San Diego, CA, U.S.-ALARIS Medical Systems, Inc., a developer of products for the safe delivery of intravenous (IV) medications, has received the Institute for Safe Medication Practices' annual Cheers Award for its pioneering infusion pump technology, which has been demonstrated to reduce the risk of errors associated with the administration of intravenous medications.
The Cheers Awards honor individuals, organizations, and companies that have set a superlative standard of excellence for others to follow in the prevention of medication errors.
The Cheers Awards are hosted by the Institute for Safe Medication Practices (ISMP), a non-profit organization well known as the premier educational resource for the prevention of medication errors.
ISMP provides independent, multidisciplinary, expert review of errors reported through the U.S. Pharmacopeia-ISMP Medication Errors Reporting Program. Working with practitioners, healthcare organizations, the pharmaceutical industry and many others, ISMP provides timely medication safety information to the healthcare community and encourages the safe use of medications.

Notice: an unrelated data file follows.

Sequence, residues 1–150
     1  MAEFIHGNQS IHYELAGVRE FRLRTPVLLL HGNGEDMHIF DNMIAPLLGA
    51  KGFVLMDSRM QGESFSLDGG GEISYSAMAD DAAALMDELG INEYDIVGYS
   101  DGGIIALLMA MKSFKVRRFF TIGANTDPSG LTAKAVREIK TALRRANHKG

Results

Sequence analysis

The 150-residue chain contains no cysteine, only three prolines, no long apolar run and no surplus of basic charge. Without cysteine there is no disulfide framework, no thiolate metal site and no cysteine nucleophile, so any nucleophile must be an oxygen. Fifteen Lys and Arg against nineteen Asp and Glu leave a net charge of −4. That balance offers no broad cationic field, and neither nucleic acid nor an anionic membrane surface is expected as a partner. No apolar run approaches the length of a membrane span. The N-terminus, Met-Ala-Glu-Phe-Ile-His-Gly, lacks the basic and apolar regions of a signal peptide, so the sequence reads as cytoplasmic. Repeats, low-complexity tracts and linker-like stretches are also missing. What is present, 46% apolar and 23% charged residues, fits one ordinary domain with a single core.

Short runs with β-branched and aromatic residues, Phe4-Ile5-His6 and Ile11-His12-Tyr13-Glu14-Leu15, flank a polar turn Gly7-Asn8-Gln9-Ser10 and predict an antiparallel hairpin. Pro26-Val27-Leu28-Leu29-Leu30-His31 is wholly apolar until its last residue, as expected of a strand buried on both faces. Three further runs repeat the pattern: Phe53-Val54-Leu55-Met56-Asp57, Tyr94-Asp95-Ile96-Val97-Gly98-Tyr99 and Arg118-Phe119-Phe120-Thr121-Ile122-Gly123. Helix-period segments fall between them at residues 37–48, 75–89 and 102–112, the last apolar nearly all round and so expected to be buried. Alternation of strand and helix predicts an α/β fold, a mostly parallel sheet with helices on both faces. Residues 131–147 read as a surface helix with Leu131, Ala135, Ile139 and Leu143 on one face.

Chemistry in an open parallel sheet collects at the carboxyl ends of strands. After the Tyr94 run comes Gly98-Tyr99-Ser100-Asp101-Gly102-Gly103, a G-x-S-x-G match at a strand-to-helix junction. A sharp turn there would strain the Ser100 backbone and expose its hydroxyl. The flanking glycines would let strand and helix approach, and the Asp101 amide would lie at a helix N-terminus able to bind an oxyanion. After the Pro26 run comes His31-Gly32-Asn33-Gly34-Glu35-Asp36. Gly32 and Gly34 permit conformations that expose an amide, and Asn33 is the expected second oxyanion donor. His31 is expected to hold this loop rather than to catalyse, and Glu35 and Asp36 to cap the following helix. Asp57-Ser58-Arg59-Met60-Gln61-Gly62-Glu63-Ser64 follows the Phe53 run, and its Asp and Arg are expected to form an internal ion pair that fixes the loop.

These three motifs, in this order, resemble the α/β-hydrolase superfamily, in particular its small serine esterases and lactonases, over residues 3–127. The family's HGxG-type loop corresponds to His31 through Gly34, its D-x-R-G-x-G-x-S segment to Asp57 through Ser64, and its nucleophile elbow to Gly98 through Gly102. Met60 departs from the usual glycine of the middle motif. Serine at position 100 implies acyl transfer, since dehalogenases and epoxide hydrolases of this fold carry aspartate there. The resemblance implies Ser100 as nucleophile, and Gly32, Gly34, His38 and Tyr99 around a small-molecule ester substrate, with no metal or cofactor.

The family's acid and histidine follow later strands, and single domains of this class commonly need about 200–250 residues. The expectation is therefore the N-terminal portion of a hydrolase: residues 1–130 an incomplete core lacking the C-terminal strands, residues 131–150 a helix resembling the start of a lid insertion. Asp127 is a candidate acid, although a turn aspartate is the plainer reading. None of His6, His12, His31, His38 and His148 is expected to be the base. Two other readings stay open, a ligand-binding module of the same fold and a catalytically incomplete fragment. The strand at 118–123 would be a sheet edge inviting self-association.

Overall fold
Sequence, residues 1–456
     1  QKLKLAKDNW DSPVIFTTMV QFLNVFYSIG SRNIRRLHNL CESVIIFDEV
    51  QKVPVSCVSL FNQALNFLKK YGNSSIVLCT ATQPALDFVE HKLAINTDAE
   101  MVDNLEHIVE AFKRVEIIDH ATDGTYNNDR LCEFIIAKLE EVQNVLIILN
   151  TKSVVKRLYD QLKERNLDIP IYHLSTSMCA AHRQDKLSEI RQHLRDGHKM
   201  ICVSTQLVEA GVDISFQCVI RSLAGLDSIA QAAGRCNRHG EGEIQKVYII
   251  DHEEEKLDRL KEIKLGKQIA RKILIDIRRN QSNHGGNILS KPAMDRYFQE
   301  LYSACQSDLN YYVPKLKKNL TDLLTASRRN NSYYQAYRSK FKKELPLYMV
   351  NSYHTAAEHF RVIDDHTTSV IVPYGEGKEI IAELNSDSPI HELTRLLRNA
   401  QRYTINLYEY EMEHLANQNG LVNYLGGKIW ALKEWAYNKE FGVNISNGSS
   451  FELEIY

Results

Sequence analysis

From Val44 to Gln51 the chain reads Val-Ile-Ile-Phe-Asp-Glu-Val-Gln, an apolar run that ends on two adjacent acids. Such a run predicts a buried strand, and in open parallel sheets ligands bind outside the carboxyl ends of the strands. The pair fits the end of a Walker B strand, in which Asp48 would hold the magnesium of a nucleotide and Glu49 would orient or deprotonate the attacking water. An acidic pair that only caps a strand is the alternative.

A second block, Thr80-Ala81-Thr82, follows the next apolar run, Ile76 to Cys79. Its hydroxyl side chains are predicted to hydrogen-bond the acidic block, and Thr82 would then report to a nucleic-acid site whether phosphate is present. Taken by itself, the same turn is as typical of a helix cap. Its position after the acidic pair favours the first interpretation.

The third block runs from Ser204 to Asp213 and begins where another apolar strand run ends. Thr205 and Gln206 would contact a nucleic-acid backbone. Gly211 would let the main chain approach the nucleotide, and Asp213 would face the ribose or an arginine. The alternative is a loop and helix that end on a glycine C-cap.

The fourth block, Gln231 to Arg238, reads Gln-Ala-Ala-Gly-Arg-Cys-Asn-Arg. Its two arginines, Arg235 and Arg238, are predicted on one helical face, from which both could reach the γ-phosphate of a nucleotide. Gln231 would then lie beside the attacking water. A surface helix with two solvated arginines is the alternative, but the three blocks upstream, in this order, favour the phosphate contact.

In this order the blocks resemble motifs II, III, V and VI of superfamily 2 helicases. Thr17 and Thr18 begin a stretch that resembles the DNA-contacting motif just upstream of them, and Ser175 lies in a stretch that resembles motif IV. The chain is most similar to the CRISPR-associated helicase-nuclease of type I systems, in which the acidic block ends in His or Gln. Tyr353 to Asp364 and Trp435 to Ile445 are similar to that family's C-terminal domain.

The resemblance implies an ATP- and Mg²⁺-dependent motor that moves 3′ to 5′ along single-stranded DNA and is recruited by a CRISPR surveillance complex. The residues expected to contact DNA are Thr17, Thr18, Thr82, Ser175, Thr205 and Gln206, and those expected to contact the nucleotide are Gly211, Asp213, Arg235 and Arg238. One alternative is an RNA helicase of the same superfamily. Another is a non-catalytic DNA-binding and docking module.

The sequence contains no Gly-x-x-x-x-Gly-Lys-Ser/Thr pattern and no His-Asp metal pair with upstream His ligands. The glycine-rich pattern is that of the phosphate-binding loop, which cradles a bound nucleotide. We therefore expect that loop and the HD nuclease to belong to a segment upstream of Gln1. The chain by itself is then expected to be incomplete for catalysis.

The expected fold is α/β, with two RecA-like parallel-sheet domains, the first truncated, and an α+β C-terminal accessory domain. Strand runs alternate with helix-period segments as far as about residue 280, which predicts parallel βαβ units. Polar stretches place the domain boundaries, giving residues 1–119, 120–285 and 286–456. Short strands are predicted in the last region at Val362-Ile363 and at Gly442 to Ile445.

"'Smart' technology, such as the ALARIS Medical Systems(R) Medley(TM) Medication Safety System, are one of the most important technologies to help prevent serious medication errors," said Michael R. Cohen, RPh, MS, ScD, President of ISMP. "Hospitals and health systems can utilize continuous quality improvement data coming from this smart technology to analyze their medication and quality improvement processes, which ultimately can help advance knowledge of IV-medication harm and the exploration of new clinical improvement opportunities."
With the Guardrails(R) Safety Software, available on both the Medley(TM) Medication Safety System and the Signature Edition(R) GOLD Infusion System, hospitals can enter their own standard drug infusion protocols into the pump's drug library. This allows hospitals to set customized dose limits for up to 1,000 different drug protocols. When hospital staff members administer a medication through the infusion pump, the Guardrails(R) Safety Software compares each dose entered against the hospital-defined limits. If a dose is programmed outside these limits, the system provides a visual alert, informing the clinician that the dose is outside the recommended range of the hospital's formulary. The system also communicates critical infusion status information at a glance, enhancing readability for the clinician.
to Daily News